- Any playing surface suitable for painting (I used a 3x3' 4mm MDF board)
- Black spray paint (Flat)
- Matte spray varnish
- Acrylic paints
- Scrap paper (should be heavy and thick, able to take paint without disintegrating)
- X-acto Knife
- 00 or 000 brush
- Old toothbrush
- Airbrush (you can use a spray can but it will require more complex masking)
- Circular objects of various diameters (dishes, lids, etc.)
1. Using the black spray paint, spray the entire playing surface. Make sure you use a good quality paint brand that will withstand regular gaming abuse and storage.
2. Mount the playing surface and protect the surrounding area from paint spatter. Pour some white paint unto the scrap paper and dilute it VERY slightly with water. Get some white paint on your old toothbrush, paint should wick about 1/3 the way up the bristles. Do not overload the toothbrush with paint!
Note: Use an old toothbrush that still has stiffness on the bristles (see pic below) or the effect will be harder to achieve when you "flick" the paint in the next step.
3. Hold the toothbrush as pictured below. Apply very slight downward pressure on the bristles with your thumb.
4. Starting in one corner, hold the brush 4-8" from the surface and pull back on the bristles. This will "flick" the paint unto the surface as tiny specks. Hold the brush closer for larger specks and denser fields, further away for smaller specks and more diffuse fields. Do this to the entire board.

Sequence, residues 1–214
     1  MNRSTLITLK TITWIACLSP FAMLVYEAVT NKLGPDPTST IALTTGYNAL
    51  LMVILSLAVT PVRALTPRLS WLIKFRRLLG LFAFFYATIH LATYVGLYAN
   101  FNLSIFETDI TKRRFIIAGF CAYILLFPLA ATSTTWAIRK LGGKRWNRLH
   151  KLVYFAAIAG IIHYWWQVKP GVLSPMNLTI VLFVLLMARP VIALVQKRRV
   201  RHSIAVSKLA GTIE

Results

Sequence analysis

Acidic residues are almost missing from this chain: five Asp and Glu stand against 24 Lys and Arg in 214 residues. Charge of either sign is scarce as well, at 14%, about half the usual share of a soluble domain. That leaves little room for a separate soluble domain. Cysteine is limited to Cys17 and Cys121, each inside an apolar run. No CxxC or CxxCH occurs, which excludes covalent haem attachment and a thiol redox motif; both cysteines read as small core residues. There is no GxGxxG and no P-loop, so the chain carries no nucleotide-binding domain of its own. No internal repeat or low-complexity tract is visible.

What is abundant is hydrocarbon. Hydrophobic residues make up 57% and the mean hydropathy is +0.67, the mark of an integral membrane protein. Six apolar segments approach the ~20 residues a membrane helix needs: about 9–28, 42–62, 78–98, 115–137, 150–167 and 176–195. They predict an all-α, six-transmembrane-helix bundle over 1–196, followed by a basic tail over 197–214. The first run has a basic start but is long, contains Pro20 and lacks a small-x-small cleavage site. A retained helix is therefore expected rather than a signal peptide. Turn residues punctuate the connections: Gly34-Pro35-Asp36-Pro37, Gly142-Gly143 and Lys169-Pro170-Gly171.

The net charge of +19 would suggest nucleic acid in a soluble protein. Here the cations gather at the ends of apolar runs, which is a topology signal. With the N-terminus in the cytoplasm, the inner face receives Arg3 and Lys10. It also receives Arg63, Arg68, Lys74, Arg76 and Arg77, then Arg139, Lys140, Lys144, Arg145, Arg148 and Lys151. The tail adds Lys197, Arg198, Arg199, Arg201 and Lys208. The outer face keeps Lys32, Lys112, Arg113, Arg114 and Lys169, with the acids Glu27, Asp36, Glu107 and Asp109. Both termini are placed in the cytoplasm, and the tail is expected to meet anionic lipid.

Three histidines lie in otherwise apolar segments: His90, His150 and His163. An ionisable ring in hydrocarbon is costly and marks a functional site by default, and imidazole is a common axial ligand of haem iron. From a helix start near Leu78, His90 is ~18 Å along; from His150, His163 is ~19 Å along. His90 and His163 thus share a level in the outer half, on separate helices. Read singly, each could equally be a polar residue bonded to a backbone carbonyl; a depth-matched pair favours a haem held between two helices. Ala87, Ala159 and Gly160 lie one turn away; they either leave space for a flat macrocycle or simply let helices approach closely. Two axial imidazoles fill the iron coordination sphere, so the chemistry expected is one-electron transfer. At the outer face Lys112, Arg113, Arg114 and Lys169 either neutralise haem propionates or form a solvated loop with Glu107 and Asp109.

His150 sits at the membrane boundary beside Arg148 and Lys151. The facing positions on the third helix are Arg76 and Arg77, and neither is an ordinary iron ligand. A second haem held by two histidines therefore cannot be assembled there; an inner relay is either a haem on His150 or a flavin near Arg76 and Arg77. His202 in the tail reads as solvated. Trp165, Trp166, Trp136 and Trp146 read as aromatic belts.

5. Pick out smaller stars with an 00 brush and by mixing different colors with the paint. Blue, yellow and orange are good choices.
6. You now have a simple starfield in 5-10 minutes.
7. Using your scrap paper, cut circular stencils of various sizes with common household objects (I'm using an overturned bowl below).
Note: If you are using spraypaint instead of an airbrush, you will have to use more scrap paper and smaller stencils. Be sure to mask any area you do not want paint on! Spray cans are under high pressure and will spray pigment far and wide.
8. Tape or hold the stencil tight to the surface and spray the first (darkest) coat of paint inside the planet stencil. Hold your airbrush further away in this step to guarantee a crisp, clean outline. Be aware of overspray.
9. Establish one corner of the surface as your planetary system's star direction. Still holding the stencil tight, apply progressively lighter shades of the base color in crescent-shaped patterns, with their middle towards the star's direction (see pic below).
10. If you want your planet to have gas or cloud streams, apply these in the same way, but in a generally perpendicular pattern to the surface. The clouds should be lighter on the planetside facing the system's star.
11. Continue these same techniques for other planets and their moons. Moons should have a slight to severe overlap of the "parent" planet but should not be completely centered on that planet.
12. Once all planets and moons are complete, using your 00 brush and white paint, outline the curve closest to the system's star to mimic zenithal lighting.
13. Seal your play surface with matte varnish.